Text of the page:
50% Discount on Business Rates for the Hospitality Industry

As part of the support package Rishi Sunak announced in the budget last week, the hospitality and leisure sector has been given another lifeline in the form of a new one year temporary 50% business rates discount for 2022 up to a maximum of £110,000.

This is obviously good news for the sector that has suffered so badly during the pandemic and which, as we have said before, continues to face significant challenges now that previous support measures have largely ended.

We remain concerned that many hospitality businesses are still in a tunnel with little, if any, sign of light at the end and our worry is that this latest support will just mean many business owners keep their heads in the sand and their fingers crossed for a recovery, rather than facing up to the inevitable and accepting there is a need to realign costs with current turnover.

Coupled with other measures, including a reduction in rates on property improvements, Sunak stated that the total cut in business rates will be £7 billion. This is obviously great for businesses but does beg the question how will this be funded? It is difficult to answer this and we fear that additional tax burdens and higher domestic rates are probably on the horizon. If so, we fear these will have a long term impact on household budgets which will inevitably impact household discretionary spend on hospitality and leisure. So it might be that the rates discount next year intended to support the sector could actually cause further problems in the future.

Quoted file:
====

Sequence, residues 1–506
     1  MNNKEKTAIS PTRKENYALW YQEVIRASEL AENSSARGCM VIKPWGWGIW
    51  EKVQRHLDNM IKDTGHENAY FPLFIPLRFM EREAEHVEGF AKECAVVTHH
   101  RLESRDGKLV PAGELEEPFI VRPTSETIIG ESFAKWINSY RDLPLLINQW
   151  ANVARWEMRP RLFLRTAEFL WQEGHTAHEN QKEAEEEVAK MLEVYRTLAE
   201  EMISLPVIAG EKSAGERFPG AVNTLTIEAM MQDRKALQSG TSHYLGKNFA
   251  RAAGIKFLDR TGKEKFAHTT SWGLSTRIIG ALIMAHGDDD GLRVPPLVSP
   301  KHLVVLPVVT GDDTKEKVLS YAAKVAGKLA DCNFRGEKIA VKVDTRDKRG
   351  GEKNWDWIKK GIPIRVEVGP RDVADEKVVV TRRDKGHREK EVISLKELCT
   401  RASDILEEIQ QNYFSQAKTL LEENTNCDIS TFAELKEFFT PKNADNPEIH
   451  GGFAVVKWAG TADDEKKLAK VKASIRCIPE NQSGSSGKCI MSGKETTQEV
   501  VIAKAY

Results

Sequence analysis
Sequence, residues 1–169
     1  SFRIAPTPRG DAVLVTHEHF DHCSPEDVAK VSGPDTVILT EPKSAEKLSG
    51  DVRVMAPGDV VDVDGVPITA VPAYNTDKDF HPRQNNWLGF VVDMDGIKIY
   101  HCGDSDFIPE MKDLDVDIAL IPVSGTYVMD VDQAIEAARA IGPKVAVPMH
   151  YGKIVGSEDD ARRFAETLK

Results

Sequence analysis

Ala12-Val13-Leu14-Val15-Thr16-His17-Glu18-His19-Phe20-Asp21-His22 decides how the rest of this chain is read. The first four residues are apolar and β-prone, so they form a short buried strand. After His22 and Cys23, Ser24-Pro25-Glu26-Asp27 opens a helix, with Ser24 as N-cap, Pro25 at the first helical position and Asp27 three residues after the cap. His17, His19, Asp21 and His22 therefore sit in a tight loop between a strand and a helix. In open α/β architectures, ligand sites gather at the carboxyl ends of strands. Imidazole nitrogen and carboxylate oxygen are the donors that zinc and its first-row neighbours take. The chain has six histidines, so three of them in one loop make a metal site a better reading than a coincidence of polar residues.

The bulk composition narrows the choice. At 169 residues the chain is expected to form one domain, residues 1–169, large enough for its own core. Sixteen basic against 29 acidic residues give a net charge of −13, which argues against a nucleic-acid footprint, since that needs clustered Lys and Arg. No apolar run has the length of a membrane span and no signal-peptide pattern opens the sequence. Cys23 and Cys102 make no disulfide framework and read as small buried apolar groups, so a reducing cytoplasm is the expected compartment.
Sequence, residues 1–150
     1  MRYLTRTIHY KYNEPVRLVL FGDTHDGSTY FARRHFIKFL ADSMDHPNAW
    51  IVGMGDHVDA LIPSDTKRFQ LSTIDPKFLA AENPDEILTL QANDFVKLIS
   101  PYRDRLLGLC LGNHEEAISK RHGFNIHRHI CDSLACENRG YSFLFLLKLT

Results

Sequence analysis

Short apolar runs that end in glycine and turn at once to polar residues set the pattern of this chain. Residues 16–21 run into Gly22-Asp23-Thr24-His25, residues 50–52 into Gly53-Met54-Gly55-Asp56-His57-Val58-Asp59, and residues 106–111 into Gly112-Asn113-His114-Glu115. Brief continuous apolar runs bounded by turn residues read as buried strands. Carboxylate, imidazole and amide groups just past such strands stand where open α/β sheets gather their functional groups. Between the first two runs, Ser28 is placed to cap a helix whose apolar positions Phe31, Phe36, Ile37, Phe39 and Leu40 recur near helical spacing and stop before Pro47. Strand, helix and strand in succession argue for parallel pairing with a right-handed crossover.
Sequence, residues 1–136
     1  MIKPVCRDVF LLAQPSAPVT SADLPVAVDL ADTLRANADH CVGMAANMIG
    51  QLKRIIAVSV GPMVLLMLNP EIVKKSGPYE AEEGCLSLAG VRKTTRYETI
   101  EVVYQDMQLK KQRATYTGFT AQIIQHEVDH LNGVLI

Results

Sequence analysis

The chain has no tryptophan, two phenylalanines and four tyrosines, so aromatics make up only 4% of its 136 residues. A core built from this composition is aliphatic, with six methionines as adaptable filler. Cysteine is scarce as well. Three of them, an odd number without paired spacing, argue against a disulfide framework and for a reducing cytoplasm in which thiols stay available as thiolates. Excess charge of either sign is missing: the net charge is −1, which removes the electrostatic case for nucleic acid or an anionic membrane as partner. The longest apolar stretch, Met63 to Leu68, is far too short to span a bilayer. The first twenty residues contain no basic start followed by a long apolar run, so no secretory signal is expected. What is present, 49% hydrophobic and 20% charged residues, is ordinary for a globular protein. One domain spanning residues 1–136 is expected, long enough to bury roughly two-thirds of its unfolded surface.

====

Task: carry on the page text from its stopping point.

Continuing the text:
As we have said before, any business has a greater chance of a successful restructuring the earlier the problem is addressed. With this in mind, if any of our contacts are involved with, or knows of anybody in hospitality or leisure businesses that may be struggling, we would urge them to act decisively and seek independent professional advice and that is why we are always available for an initial zero cost assessment which can be arranged by contacting Alistair Dickson.